Oates Named Oros Family Professor in Comp Sci and Technology

oatesUMBC professor Dr. Tim Oates has been named an Oros Family Professor in Computer Science and Technology. The five-year endowed professorship will fund Dr. Oates’ newly proposed research project in the area of mobile healthcare.

Read more about endowed professorships at UMBC here.

A professor of computer science and electrical engineering, Dr. Oates is principal investigator in UMBC’s Cognition, Robotics and Learning (CoRaL) Lab, where he pursues research in the broad areas of artificial intelligence, machine learning, robotics, and natural language processing.

“I was delighted to recommend Dr. James T. Oates’ appointment as Oros Family Professor in Computer Science and Technology, an endowed professorship established to honor and support the work of faculty pursuing scholarly activity in computer science,” says Dr. Warren Devries, Dean of UMBC’s College of Engineering and Information Technology.

“Tim Oates is a first rate teacher and scholar, and I had a chance to work with him as a key part of the College and CSEE department’s accreditation activity. Taken together this is precisely the type of faculty member this professorship is intended to recognize. The CSEE department’s faculty, staff and students are fortunate to have Tim Oates as a mentor and colleague.”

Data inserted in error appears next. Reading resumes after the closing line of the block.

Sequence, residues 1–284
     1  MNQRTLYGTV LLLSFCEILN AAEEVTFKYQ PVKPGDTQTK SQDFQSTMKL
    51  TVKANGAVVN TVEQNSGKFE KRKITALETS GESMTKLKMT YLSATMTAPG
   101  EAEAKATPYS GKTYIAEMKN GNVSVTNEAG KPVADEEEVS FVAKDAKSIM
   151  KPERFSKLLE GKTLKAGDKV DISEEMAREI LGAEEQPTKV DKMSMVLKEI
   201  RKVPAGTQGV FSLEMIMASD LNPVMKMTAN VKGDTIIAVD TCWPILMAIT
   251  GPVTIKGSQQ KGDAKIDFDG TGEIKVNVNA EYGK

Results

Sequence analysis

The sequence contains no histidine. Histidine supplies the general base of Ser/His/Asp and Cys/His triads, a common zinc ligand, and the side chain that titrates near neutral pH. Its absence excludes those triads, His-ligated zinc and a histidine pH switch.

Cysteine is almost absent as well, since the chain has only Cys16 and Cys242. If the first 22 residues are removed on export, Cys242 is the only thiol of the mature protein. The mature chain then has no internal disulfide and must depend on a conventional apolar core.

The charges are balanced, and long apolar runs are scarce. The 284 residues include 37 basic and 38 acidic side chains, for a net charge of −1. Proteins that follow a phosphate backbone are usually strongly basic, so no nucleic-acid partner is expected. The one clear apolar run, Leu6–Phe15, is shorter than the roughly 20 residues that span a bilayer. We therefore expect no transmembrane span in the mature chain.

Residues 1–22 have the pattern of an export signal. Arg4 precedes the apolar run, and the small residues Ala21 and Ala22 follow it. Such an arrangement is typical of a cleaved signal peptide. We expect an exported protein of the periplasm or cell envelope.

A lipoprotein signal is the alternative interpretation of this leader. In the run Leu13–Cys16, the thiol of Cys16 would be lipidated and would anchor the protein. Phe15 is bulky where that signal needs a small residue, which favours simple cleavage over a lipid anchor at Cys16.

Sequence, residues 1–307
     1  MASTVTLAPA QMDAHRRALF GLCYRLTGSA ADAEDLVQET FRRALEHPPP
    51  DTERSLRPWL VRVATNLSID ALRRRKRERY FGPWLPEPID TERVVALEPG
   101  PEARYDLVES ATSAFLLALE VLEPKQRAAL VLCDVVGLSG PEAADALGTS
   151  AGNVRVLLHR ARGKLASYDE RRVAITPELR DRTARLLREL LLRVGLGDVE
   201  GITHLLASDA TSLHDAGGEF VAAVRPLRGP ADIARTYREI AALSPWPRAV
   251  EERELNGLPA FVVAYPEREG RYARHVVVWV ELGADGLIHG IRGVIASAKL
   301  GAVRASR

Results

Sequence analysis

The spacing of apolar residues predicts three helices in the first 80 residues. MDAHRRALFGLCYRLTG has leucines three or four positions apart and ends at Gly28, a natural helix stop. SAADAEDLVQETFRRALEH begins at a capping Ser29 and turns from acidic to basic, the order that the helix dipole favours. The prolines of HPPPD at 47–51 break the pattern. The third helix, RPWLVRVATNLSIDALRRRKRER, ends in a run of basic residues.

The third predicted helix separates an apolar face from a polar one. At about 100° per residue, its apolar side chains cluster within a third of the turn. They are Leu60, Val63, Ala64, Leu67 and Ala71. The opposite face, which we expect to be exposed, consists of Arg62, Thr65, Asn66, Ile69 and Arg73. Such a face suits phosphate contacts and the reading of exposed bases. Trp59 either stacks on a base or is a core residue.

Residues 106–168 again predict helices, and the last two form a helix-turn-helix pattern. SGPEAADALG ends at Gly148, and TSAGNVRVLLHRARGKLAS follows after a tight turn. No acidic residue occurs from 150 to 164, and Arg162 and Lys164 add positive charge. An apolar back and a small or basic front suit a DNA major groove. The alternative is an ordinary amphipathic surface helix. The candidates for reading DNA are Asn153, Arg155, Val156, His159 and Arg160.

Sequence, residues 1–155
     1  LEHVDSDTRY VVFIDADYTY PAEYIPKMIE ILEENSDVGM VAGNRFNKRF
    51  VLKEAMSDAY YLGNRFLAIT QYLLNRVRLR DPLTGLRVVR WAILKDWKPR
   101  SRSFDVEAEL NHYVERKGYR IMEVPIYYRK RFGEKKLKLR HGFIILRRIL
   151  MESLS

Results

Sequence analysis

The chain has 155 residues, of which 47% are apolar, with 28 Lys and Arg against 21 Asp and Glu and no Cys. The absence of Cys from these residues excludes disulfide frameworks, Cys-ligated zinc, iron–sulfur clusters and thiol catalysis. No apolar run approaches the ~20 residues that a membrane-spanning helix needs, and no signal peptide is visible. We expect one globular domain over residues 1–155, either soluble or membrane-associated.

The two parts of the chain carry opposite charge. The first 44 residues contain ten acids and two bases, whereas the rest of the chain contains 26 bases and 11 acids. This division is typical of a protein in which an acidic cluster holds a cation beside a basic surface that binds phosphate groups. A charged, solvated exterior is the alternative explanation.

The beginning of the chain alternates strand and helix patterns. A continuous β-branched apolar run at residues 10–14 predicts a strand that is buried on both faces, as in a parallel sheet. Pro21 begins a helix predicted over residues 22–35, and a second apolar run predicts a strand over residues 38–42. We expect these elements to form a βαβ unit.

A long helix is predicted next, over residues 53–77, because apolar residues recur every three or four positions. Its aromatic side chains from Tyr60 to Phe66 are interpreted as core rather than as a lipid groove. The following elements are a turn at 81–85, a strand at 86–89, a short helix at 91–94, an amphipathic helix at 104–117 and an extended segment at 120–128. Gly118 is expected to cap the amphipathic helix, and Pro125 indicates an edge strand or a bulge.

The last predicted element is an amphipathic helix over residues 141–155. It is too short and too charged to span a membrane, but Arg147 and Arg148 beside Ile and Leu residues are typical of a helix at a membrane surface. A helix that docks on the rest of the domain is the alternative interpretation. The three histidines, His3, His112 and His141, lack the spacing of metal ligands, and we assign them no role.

The funds will support graduate students to work with Dr. Oates on a project to improve healthcare in developing countries. “The issue is that in developing countries, almost everything is still done on paper,” explains Dr. Oates. That means that every record—things like immunization records and medical histories–are taken by hand. It’s an inefficient process that makes it hard to keep track of medical data.

His proposed solution is to develop an algorithm that can extract data from a cell-phone photo of the paper record. Once digitized, the medical data can be more easily shared and analyzed.

Dr. Oates chose to develop this technology for cell phones because they are a common and reliable tool in these areas, he explains. In many cases, cell phones can be found where basic needs are absent. “There are people living in villages that don’t have access to clean water, but they have cell phones,” he says.

Dr. Oates joins last year’s Oros Family Professor appointee, Dr. Anupam Joshi, who is similarly using the funds for his research in mobile healthcare.

– by Anissa Elmerraji ’11

This story originally appeared on the CSEE website.

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